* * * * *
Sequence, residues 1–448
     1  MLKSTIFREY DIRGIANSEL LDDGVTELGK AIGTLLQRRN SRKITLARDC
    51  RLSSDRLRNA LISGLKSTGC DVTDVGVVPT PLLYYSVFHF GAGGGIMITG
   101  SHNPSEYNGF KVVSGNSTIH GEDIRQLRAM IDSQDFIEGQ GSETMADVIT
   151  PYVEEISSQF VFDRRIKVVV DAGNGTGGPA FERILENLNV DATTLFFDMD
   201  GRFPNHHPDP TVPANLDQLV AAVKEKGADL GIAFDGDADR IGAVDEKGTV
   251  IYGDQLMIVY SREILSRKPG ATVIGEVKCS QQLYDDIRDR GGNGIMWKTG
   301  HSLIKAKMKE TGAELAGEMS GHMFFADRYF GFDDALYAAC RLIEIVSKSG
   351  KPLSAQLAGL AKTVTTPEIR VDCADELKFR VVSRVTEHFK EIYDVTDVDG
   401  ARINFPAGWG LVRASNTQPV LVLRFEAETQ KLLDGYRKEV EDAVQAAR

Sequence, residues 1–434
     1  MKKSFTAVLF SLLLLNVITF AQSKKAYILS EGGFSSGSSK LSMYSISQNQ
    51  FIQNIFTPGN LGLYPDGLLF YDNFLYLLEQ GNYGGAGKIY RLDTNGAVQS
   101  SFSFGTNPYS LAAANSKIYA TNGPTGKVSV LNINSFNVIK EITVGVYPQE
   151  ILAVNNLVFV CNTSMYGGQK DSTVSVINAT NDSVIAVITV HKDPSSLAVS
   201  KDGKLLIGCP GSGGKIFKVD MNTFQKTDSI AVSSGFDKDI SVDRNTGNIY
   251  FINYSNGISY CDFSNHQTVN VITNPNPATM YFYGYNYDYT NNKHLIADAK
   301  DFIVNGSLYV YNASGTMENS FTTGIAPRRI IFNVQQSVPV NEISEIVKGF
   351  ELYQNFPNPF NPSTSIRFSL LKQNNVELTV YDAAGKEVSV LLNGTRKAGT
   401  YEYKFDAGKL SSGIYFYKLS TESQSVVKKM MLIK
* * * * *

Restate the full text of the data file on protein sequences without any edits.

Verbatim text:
Sequence, residues 1–448
     1  MLKSTIFREY DIRGIANSEL LDDGVTELGK AIGTLLQRRN SRKITLARDC
    51  RLSSDRLRNA LISGLKSTGC DVTDVGVVPT PLLYYSVFHF GAGGGIMITG
   101  SHNPSEYNGF KVVSGNSTIH GEDIRQLRAM IDSQDFIEGQ GSETMADVIT
   151  PYVEEISSQF VFDRRIKVVV DAGNGTGGPA FERILENLNV DATTLFFDMD
   201  GRFPNHHPDP TVPANLDQLV AAVKEKGADL GIAFDGDADR IGAVDEKGTV
   251  IYGDQLMIVY SREILSRKPG ATVIGEVKCS QQLYDDIRDR GGNGIMWKTG
   301  HSLIKAKMKE TGAELAGEMS GHMFFADRYF GFDDALYAAC RLIEIVSKSG
   351  KPLSAQLAGL AKTVTTPEIR VDCADELKFR VVSRVTEHFK EIYDVTDVDG
   401  ARINFPAGWG LVRASNTQPV LVLRFEAETQ KLLDGYRKEV EDAVQAAR

Sequence, residues 1–434
     1  MKKSFTAVLF SLLLLNVITF AQSKKAYILS EGGFSSGSSK LSMYSISQNQ
    51  FIQNIFTPGN LGLYPDGLLF YDNFLYLLEQ GNYGGAGKIY RLDTNGAVQS
   101  SFSFGTNPYS LAAANSKIYA TNGPTGKVSV LNINSFNVIK EITVGVYPQE
   151  ILAVNNLVFV CNTSMYGGQK DSTVSVINAT NDSVIAVITV HKDPSSLAVS
   201  KDGKLLIGCP GSGGKIFKVD MNTFQKTDSI AVSSGFDKDI SVDRNTGNIY
   251  FINYSNGISY CDFSNHQTVN VITNPNPATM YFYGYNYDYT NNKHLIADAK
   301  DFIVNGSLYV YNASGTMENS FTTGIAPRRI IFNVQQSVPV NEISEIVKGF
   351  ELYQNFPNPF NPSTSIRFSL LKQNNVELTV YDAAGKEVSV LLNGTRKAGT
   401  YEYKFDAGKL SSGIYFYKLS TESQSVVKKM MLIK